and "promote and share all of the amazing things that are happening here."
Jones describes the weekend in gush: "They invite 100 leaders from all over the world that are involved in Burning Man and help build ongoing, year-round regional communities for Burning Man. There are people from Australia, Europe, Canada, and all over the U.S. And it's an odd combination because it is a normal leadership development conference you know, we do conflict resolution, and managing and supporting volunteers, regular learning sessions combined with touring art spaces and art projects and participating in community development work. I come home every year and my brain is flooded."
And it's this type of unique inspiration, this tempest of ideas that has Jones spilling her passions into Detroit (a city in which the moniker "Burner" must be carefully explained). Her Burning brainwaves inject themselves not just into her work with The Ford Rouge Factory and the Maker Faire, but also her overall sense of community. It's this inspiration that helps her to find "beauty in the grit" of our fair city.Compounding interest
"You know," Jones explains, "my neighborhood is struggling, and that can get to you. The house next door to me was firebombed a year and a half ago on MLK day, so I woke up to a burned-out house with a couch hanging out the window. And it's the kind of thing that just makes you choose, 'How is today gonna go? What am I gonna do about this today?'
But Jones remains undeterred. In her world every problem has a creative solution.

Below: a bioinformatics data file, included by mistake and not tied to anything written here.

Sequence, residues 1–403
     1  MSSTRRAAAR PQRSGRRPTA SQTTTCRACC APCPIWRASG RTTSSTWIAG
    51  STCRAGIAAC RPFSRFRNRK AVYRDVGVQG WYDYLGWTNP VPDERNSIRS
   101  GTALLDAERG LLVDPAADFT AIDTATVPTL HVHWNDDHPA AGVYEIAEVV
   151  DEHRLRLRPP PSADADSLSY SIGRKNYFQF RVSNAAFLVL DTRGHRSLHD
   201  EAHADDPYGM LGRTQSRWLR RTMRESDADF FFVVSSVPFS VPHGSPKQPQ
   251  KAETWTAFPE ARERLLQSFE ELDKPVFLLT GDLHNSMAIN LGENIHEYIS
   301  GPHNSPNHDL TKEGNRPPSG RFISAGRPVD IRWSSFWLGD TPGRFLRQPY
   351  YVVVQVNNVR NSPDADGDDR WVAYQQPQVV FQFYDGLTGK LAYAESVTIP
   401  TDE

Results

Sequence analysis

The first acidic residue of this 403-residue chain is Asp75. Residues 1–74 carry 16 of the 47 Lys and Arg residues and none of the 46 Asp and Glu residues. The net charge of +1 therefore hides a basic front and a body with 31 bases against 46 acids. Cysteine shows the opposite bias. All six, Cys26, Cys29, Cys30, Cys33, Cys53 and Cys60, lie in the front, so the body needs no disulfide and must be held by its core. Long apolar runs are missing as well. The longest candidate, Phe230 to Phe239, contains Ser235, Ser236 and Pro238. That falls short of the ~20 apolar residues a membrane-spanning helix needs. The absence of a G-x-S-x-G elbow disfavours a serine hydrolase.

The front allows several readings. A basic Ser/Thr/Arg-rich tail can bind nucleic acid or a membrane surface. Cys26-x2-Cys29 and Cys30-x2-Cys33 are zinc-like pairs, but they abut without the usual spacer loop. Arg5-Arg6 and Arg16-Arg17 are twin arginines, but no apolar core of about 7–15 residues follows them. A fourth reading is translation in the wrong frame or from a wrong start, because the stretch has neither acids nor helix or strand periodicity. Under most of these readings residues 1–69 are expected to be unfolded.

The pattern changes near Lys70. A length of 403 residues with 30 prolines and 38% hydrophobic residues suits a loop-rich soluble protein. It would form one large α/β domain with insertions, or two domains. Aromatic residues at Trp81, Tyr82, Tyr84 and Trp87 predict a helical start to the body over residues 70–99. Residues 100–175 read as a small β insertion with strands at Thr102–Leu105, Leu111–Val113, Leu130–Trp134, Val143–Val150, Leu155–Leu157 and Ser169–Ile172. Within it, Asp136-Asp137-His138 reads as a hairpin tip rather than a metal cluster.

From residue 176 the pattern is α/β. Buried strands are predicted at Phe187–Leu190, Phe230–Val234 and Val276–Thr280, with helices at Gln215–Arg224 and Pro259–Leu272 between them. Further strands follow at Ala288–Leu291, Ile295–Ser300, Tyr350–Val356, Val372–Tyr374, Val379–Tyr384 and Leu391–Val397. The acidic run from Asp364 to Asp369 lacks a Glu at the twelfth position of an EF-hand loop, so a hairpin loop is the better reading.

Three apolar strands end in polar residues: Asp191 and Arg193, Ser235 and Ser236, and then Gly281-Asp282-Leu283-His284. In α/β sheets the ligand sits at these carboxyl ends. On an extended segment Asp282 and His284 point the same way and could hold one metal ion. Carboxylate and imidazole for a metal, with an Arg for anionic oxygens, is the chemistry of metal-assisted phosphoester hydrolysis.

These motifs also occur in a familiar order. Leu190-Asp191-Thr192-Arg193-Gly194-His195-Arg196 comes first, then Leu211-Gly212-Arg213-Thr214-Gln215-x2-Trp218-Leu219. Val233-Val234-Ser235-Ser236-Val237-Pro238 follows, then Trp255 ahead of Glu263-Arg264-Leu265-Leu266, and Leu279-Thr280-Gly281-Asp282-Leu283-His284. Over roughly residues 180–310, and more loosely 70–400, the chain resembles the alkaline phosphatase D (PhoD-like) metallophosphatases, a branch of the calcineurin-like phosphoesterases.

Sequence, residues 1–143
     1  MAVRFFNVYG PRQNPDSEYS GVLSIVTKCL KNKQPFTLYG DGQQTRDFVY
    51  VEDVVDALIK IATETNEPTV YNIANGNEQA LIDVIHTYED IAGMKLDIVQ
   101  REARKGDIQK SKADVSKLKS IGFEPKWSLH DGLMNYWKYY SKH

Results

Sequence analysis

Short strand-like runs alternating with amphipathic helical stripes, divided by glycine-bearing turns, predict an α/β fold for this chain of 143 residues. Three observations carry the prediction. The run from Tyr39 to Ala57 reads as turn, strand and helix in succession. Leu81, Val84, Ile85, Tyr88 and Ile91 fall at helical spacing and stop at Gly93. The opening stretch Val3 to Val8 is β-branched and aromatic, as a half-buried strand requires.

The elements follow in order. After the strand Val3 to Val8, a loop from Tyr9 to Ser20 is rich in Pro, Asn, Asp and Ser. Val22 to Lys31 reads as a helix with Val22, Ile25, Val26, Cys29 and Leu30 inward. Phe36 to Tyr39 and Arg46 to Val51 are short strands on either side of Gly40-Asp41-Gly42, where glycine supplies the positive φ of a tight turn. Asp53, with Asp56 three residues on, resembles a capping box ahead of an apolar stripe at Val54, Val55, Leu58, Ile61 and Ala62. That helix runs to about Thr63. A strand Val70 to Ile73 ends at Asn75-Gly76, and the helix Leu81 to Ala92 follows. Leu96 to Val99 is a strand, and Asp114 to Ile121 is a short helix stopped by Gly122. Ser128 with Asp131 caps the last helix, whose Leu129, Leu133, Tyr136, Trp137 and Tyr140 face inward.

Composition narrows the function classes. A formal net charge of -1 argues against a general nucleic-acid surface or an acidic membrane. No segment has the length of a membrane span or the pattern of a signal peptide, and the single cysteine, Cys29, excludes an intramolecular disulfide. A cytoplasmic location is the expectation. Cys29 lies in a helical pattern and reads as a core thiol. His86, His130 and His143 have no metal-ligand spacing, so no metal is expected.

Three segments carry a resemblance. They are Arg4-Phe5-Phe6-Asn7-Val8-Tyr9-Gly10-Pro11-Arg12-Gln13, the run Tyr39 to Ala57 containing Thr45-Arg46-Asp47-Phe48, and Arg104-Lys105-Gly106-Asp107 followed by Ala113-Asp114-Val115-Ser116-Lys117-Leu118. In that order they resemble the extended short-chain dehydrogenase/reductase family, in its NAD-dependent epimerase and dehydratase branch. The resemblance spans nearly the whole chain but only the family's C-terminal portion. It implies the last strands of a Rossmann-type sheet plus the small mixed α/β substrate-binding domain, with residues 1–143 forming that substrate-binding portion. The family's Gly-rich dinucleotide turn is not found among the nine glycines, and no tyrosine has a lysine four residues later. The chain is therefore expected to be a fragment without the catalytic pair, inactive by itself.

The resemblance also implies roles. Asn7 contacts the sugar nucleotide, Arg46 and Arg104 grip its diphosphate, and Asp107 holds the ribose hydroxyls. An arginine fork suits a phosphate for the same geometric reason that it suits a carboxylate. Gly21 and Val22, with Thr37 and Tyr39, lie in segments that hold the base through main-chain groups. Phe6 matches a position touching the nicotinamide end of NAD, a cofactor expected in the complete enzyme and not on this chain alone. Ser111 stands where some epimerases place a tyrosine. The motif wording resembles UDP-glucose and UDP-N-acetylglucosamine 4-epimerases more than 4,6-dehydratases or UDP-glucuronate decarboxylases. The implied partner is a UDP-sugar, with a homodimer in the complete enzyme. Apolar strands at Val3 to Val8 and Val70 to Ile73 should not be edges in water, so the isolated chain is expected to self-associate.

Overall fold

"It's really interesting because I've been collecting trash in my neighborhood discarded things and I've been painting them gold. And one of the things I wanna do with this is create an urban dream catcher. Kind of that whole concept of taking what looks like ugly nastiness and turning it into something beautiful that will hopefully inspire people to look at their neighborhood differently."
It's this type of commitment to community that proves Jones' investment in Detroit is undoubtedly a sound one. Quick to declare that she herself is no artist, Jones has realized over the years that she has the special ability to foster organized creativity.
"I figured out that while I may not be an artist - in the sense that I can't draw to save my life - I am an artist in figuring out how to see who might benefit from being connected. I would love to be able to look back and say that I was able to influence people into having creative conversations - into having really amazing creative people talking to really amazing entrepreneurial people - and that I could be a catalyst in that. I care enough about art to build art in my community, to then build community around the art."
Kirk Vanderbeek is a freelance writer and film reviewer for Real
Detroit Weekly. His previous article for Metromode was Solid Dudes In The Kitchen.Send comments here.All Photographs © Marvin Shaouni Photography
Contact Marvin here
Cynthia Jones outside the Ford Rogue Factory
Ford Rogue Factory's living roof
A retrospective of Ford vehicles
Ford's truck assembly plant
Hand written postcards tell of a fun time spent at the Ford Rogue Factory Tour